but have a lower knowledge requirement. Summary offences also have lower penalties, usually up to
$13,200 for individuals or up to 2 years imprisonment.
The strict liability offences are the least serious of the three enforcement options, and do not require the
prosecution to prove knowledge or criminal intent. The strict liability offences are underpinned by an
infringement notice scheme set out in the copyright regulations, which allows police to issue on the spot
fines to offenders in appropriate cases. The infringement notice scheme is intended to provide a cost
effective process for dealing with minor copyright crime.
Large scale commercial infringement
There are expanded remedies available for large scale online commercial infringement. As a result of
the amendments, remedies for commercial scale online infringement will reflect both actual and likely
infringements without the need to prove each and every infringement.
The amendments potentially increase the damages available for successful online infringement
TECHNOLOGICAL PROTECTION MEASURES
The amendments to the Copyright Act also implement a number of Australia’s obligations under the
Australia United States Free Trade Agreement relating to technological protection measures (TPMs).
As a result of the amendments, it is unlawful to use devices which unlock TPMs. Prior to the
amendments, it was an offence to deal with devices that permitted circumvention of TPMs, but it was
not an offence to use a TPM.
The amendments also change the definition of TPMs to include TPMs that which prevent or restrict
access to copyright material in some circumstances. Previously, a TPM was only protected by law if it
prevented copyright infringement.
NEW EXCEPTIONS FOR EDUCATIONAL INSTITUTIONS, LIBRARIES ETC
There is a new “special purposes” exception to copyright infringement for educational institutions and
libraries that is intended to apply for limited non-commercial purposes.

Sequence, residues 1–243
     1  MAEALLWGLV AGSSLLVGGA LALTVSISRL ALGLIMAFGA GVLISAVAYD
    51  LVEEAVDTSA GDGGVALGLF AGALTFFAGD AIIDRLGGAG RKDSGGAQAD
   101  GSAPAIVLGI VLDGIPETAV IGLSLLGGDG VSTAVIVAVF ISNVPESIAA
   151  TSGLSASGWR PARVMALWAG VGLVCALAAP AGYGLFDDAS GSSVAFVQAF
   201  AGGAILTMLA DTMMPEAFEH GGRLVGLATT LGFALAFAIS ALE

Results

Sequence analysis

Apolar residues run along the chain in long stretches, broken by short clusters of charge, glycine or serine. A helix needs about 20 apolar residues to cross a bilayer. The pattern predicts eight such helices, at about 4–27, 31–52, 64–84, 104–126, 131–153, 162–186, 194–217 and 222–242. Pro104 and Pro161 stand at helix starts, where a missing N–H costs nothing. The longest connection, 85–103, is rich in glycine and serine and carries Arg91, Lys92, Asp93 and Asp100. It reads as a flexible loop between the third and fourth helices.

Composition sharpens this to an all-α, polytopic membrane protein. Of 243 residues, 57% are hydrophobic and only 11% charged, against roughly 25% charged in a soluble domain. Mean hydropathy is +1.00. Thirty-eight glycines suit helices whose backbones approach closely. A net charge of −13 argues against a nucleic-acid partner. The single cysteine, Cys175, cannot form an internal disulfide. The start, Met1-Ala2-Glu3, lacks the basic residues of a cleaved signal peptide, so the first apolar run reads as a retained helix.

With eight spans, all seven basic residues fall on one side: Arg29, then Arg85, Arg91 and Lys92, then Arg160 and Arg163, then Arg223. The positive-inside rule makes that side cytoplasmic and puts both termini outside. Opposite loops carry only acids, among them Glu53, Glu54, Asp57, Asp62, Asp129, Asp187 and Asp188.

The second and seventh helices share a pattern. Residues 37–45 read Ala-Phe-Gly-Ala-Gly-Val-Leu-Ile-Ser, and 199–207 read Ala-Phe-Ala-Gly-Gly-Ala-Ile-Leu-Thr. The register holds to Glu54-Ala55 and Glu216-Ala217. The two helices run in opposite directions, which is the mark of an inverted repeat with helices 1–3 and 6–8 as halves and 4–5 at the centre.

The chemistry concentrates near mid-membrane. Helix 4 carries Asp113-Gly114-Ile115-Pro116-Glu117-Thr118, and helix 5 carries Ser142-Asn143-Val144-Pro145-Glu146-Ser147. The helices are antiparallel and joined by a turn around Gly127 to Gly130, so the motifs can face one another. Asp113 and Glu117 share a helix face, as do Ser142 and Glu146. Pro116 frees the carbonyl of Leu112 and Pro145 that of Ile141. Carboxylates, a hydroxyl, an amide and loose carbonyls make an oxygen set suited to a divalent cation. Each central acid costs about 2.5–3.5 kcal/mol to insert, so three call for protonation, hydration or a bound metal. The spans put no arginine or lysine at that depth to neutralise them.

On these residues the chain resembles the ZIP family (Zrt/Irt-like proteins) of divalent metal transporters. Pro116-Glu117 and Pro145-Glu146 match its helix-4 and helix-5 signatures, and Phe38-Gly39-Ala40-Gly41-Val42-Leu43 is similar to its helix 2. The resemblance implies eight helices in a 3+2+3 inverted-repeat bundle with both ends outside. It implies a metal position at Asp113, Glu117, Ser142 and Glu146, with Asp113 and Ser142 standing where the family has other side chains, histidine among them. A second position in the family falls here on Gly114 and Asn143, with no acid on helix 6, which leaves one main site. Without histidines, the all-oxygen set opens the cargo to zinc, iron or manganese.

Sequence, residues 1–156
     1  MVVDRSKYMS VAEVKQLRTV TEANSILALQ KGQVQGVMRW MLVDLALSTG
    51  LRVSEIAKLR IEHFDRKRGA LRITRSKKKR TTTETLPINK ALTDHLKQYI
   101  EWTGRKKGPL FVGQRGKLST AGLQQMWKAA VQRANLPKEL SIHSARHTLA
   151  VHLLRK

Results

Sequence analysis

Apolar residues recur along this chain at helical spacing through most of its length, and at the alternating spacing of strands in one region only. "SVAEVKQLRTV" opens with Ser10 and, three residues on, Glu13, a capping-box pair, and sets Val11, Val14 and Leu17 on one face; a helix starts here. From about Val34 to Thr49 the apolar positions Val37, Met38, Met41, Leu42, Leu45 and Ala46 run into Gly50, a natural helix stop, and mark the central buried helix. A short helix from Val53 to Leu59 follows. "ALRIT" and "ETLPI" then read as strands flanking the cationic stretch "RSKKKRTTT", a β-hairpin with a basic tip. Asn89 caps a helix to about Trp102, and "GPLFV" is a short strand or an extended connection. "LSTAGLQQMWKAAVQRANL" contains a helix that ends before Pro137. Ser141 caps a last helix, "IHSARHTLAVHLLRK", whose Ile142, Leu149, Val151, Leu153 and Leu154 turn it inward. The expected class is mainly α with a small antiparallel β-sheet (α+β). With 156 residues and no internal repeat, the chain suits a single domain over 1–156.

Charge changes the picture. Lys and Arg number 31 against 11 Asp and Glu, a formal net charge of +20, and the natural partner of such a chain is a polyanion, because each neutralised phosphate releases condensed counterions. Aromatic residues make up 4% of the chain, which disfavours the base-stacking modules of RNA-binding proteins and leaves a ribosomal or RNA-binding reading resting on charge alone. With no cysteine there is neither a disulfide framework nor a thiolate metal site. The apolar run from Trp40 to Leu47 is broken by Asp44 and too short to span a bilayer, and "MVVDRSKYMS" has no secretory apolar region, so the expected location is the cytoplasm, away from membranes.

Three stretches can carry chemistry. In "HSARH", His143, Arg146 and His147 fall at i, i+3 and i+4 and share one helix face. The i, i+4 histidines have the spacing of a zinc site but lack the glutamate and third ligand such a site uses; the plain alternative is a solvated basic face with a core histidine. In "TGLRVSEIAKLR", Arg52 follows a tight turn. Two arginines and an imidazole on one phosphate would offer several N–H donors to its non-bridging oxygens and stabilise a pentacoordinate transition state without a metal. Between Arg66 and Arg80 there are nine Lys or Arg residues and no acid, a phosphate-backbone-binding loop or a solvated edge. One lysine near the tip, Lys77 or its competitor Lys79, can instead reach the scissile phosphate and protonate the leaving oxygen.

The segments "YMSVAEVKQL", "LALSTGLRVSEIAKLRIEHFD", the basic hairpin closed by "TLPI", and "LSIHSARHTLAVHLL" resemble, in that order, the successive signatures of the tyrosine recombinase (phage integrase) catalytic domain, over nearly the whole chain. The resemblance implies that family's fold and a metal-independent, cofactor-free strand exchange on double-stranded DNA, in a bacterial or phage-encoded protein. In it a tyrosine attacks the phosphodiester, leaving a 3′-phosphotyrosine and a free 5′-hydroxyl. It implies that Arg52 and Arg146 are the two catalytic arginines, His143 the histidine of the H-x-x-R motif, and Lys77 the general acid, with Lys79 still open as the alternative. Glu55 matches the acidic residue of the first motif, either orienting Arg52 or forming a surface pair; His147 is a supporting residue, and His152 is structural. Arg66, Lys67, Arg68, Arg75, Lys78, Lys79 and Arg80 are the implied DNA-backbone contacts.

The Act does not specify the circumstances in which the exception will apply. However, the provisions
are not intended to override existing licensing schemes or practises. The Act states that the exceptions
will only apply where the use by the institution does not conflict with the normal exploitation of copyright
material and where the use does not unreasonably prejudice the legitimate interests of the copyright
owner. Accordingly, the exception would be available if an institution is unable to obtain a licence
because the copyright owner cannot be found, or because the copyright material is out of print.
FAIR DEALING FOR PARODY AND SATIRE
There is a new fair dealing defence for parody and satire. A parody transforms and comments on the
copyright material itself, whereas a satire uses copyright material to draw attention to a more general
comment on society.
The parody and satire fair dealing exception may allow users to copy extracts from recordings to make
new recordings, if the new recording can be characterised as a parody or satire of the original
recording, or makes a satiric comment on any issue.
The jurisdiction of the Copyright Tribunal has expanded. The Copyright Tribunal now has jurisdiction in
relation to any licence administered by a collecting society such as PPCA. Licensing activities of ARIA
are not, however, within the jurisdiction of the Copyright Tribunal.
The amendments also include a number of changes relating to the role of the ACCC in Copyright